For love of London: three terror attacks and a fire put Britain’s capital to the test
Britain has endured a tumultuous period in recent months including terror attacks, a catastrophic fire and a dramatic election that left Prime Minister Theresa May’s government badly weakened
At 11am Monday, firefighters and police gathered under the burnt-out shell of Grenfell Tower to pay their respects to the victims of last week’s devastating inferno.
The minute’s silence was replicated at hundreds of schools, offices and government buildings across the British capital, as Londoners united in sadness and support for survivors and relatives.
Yet even as the city mourned those lost five days earlier in the catastrophic blaze, a fresh disaster was unfolding across town.
It was another terrorist attack, but with a new twist. Rather than an assault on innocent civilians of diverse backgrounds mounted by one or more Islamic extremists, with international terror group Islamic State claiming responsibility, this attack had been perpetrated on a group of Muslim residents peacefully returning from prayers during the holy month of Ramadan.
Echoing recent terror attacks at London Bridge, Westminster, Berlin and Nice, the terrorist had driven a van into a group of innocent people at about 12.20am in Finsbury Park, North London.
The group were helping an elderly man who had fallen ill while returning from the Finsbury Park Mosque, when the van ploughed into them, injuring 10. The elderly man subsequently died, but police could not say whether his death was due to the attack or to illness.
As in the London Bridge attack on June 3, people responded with acts of bravery and mutual support. A group of men pursued the attacker and pinned him to the ground, while the police were called. The suspect was arrested at the scene and police later named him as Darren Osborne, a 47-year-old father of four from Cardiff. Abdul Rahman, one of the pursuers, spoke to the man when he was on the ground.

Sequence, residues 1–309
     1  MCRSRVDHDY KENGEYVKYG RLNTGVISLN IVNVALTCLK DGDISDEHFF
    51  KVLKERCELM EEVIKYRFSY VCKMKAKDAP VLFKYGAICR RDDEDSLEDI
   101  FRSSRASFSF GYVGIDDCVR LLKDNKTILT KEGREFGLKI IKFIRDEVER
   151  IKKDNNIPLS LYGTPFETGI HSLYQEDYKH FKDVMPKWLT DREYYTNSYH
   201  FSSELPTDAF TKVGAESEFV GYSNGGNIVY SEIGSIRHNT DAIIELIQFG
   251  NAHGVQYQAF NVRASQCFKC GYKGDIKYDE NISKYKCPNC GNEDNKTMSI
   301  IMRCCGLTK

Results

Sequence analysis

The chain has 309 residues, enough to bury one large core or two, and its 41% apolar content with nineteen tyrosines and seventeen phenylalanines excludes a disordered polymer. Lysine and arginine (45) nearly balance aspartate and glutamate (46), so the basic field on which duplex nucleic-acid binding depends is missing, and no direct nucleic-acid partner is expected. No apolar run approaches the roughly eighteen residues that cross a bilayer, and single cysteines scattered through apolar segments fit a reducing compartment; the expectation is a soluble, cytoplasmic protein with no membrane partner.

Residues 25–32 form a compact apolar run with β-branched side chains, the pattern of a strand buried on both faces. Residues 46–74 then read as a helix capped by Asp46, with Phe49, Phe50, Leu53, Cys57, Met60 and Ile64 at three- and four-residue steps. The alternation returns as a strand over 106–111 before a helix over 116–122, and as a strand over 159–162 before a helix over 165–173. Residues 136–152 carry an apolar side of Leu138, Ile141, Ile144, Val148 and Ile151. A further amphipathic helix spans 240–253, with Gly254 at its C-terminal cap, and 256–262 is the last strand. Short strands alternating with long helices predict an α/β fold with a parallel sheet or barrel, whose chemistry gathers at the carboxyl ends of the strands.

“I asked him: ‘Why did you do that, why? Innocent people,’ and he goes; ‘I want to kill Muslims – and kill me,’ Rahman told the BBC.
“I said, ‘We’re not going to kill you. Why did you do that?’ and he wouldn’t answer me back.”
The incident is Britain’s fourth major terrorist attack in less than three months and the third to take place in London, where a total of 15 people have died in the assaults.
Meanwhile, police announced Monday that the death toll from the Grenfell Tower blaze had risen to 79 and could increase further. The demands and wide-ranging lessons of that disaster are expected to take months to address, yet the authorities that are struggling to meet them now face further challenges.
Ironically, Monday’s attack came the day after a nationwide series of events held in memory of Labour MP Jo Cox, who was assassinated in her Yorkshire constituency by a Nazi sympathiser a year ago, during the EU Referendum campaign.
The events, which were designed to bring communities together and heal divisions, were held under an initiative called the Great Get Together that was organised by the MP’s family and friends.
The attack also coincided with – and overshadowed - the formal start of the Brexit negotiations in Brussels that are set to take the UK out of the European Union.
The talks began amid political uncertainty after the Queen’s speech and State Opening of Parliament - - were postponed to Wednesday.
Watch: British PM condemns ‘sickening’ attack as van rams Muslim worshippers
In a highly unusual move, they were pushed back by Downing Street after Prime Minister Theresa May failed to win a majority in the general election on 8 June, leaving her desperately chasing a deal with Northern Ireland’s controversial Democratic Unionist Party.
May, who faced a barrage of criticism over her handling of the Grenfell Tower fire, moved swiftly to condemn the Finsbury Park attack, stage a meeting of the government’s security committee Cobra and go to the mosque in person.